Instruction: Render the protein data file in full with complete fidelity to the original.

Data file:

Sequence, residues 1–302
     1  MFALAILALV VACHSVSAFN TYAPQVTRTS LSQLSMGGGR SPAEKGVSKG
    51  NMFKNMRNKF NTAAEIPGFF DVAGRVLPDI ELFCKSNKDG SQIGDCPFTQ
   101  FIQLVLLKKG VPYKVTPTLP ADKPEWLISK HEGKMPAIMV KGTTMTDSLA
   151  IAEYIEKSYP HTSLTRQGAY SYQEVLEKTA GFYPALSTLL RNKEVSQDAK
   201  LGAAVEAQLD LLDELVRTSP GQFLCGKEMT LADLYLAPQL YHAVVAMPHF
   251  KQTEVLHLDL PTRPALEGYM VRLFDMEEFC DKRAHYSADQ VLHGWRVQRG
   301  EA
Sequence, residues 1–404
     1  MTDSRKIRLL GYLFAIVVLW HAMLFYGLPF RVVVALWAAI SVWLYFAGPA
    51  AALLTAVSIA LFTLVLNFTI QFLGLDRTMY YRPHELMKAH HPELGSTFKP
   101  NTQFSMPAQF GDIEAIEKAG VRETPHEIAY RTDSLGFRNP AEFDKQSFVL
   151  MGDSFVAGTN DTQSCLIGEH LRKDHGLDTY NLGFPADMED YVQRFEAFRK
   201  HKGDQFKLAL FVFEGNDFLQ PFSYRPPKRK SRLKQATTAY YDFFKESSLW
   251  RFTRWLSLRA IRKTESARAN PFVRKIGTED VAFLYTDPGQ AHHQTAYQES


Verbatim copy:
Sequence, residues 1–302
     1  MFALAILALV VACHSVSAFN TYAPQVTRTS LSQLSMGGGR SPAEKGVSKG
    51  NMFKNMRNKF NTAAEIPGFF DVAGRVLPDI ELFCKSNKDG SQIGDCPFTQ
   101  FIQLVLLKKG VPYKVTPTLP ADKPEWLISK HEGKMPAIMV KGTTMTDSLA
   151  IAEYIEKSYP HTSLTRQGAY SYQEVLEKTA GFYPALSTLL RNKEVSQDAK
   201  LGAAVEAQLD LLDELVRTSP GQFLCGKEMT LADLYLAPQL YHAVVAMPHF
   251  KQTEVLHLDL PTRPALEGYM VRLFDMEEFC DKRAHYSADQ VLHGWRVQRG
   301  EA
Sequence, residues 1–404
     1  MTDSRKIRLL GYLFAIVVLW HAMLFYGLPF RVVVALWAAI SVWLYFAGPA
    51  AALLTAVSIA LFTLVLNFTI QFLGLDRTMY YRPHELMKAH HPELGSTFKP
   101  NTQFSMPAQF GDIEAIEKAG VRETPHEIAY RTDSLGFRNP AEFDKQSFVL
   151  MGDSFVAGTN DTQSCLIGEH LRKDHGLDTY NLGFPADMED YVQRFEAFRK
   201  HKGDQFKLAL FVFEGNDFLQ PFSYRPPKRK SRLKQATTAY YDFFKESSLW
   251  RFTRWLSLRA IRKTESARAN PFVRKIGTED VAFLYTDPGQ AHHQTAYQES